Shot! The Three Most Beautiful Blooms at the 2018 RHS Hampton Court Palace Flower Show

Although Hampton Court is the world’s largest flower show, it’s the show gardens rather than the flowers themselves that attract the most interest and the most publicity.

With this year’s sweltering heat, the floral marquees were even hotter than usual. Stepping inside felt like stepping into a sauna, which no doubt presented a challenge to the exhibitors who had to ensure their blooms were at their very best for judgement day.

So what among the floral displays caught my eye?

Having got some great shots of chrysanthemums at this year’s Chelsea, my first stop was the National Chrysanthemum Society’s display.

I was immediately drawn to the green chrysanth Feeling Green as well as the picture-perfect Disco Club with its claret and white petals surrounding a lime green stamen.

Chrysanthemum ‘Disco Club'

By the way, the National Chrysanthemum Society was founded as long ago as 1846 in London’s Stoke Newington for “the cultivation and exhibition of the Chrysanthemum.”

Dahlia ‘Manhattan Island'

Next up were some equally stunning dahlias from the National Dahlia Collection. My favourite variety was Manhattan Island, a bold red hybrid with subtle hints of yellow.

Dahlia ‘Karma Sangria'

Another fabulous dahlia was the Karma Sangria being shown by Pheasant Acre Plants. This salmon pink and yellow flower was developed by the Verwer brothers and introduced in 1998.

Dahlia ‘Karma Sangria'

But as beautiful as the dahlias and chrysanths were, I think nothing at Hampton looked quite as pretty as the peonies shown by Primrose Hall.

Peonies are one of the most Instagrammable flowers and whilst they’ve been popular since Edwardian times, they are enjoying a renaissance thanks to Meghan Markle who carried her favourite flower in her wedding bouquet.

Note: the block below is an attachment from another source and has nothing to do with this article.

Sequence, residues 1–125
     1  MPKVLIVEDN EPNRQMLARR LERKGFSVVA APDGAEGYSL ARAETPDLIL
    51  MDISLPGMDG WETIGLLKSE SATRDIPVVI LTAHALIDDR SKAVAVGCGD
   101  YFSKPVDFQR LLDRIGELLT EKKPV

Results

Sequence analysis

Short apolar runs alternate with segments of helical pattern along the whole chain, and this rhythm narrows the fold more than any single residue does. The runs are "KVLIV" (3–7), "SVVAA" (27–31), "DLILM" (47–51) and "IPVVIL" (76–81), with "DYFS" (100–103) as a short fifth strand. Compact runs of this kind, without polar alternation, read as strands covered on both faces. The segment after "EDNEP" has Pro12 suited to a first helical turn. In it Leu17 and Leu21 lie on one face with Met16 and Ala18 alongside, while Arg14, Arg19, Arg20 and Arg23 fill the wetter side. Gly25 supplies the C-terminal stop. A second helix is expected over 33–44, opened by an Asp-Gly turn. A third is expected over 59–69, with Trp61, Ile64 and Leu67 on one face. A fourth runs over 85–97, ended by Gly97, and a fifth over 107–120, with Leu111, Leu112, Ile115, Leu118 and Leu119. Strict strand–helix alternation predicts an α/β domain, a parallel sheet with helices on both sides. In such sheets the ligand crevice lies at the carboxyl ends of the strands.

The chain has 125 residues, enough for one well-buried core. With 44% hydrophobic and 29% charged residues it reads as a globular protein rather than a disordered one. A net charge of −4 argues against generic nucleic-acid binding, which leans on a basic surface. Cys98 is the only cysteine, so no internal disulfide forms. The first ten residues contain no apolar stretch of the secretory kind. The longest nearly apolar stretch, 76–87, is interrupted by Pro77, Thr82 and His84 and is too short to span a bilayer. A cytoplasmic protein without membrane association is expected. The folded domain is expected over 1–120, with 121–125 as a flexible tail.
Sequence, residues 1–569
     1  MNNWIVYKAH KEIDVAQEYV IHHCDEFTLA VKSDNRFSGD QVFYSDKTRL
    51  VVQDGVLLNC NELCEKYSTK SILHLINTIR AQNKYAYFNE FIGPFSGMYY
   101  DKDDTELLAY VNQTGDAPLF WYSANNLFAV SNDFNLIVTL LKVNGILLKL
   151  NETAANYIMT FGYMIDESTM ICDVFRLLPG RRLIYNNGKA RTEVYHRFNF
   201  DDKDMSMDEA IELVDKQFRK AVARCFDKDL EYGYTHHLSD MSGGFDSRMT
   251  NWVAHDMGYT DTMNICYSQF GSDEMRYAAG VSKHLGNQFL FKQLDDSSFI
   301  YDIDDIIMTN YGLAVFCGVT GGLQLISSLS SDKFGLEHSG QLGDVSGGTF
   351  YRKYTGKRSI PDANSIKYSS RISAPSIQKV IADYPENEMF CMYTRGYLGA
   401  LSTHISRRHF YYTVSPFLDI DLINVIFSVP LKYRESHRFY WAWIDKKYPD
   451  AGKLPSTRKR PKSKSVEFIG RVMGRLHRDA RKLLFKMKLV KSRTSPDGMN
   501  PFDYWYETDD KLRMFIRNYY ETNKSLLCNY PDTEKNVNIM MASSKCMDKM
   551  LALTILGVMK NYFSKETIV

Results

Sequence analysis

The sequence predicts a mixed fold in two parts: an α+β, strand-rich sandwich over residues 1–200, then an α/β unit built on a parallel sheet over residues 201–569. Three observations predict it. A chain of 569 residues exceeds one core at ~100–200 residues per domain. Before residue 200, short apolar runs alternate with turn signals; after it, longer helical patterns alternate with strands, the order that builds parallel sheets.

Although now seen as an ornamental plant, the peony was originally grown for its medicinal properties. The Ancient Greeks thought so much of its healing powers they called it the ‘Queen of Herbs’ with just about every part of the plant used to treat ailments including stomach complaints and labour pains.

The name derives from Greek mythology. Paeon, physician to the gods, angered his teacher, Asclepius, god of medicine, when he discovered the healing power of the peony. To save him, Zeus turned him into one of the plants.

Peony ‘Sarah Bernardt'

I loved the pale pink, double bloom Sarah Bernhardt, a variety first introduced in 1906 by French breeder M. Lemoine who named it after the most popular French actress of the day.

So those were my pick of the bunch at this year’s Hampton. It’s not easy to choose just three flowers among the thousands on display, but I think you’ll agree, these three are truly picture-perfect.

Chrysanthemum ‘Disco Club'

Behind the image: All these images were shot handheld with the Olympus OM-D E-M1 and either the 12–40 2.8 Pro or the 75 1.8 lens using available light only. When photographing floral displays I’m always looking to capture an interesting composition, rather than just shooting the entire display. In most cases that works best by going in close, filling the frame and seeking out an unexpected angle. Shot at Hampton Court on 2 July 2018.

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Gary Marlowe

Gary Marlowe

Creator of images that are out of the ordinary, reviewer of live music and live events and interviewer of interesting people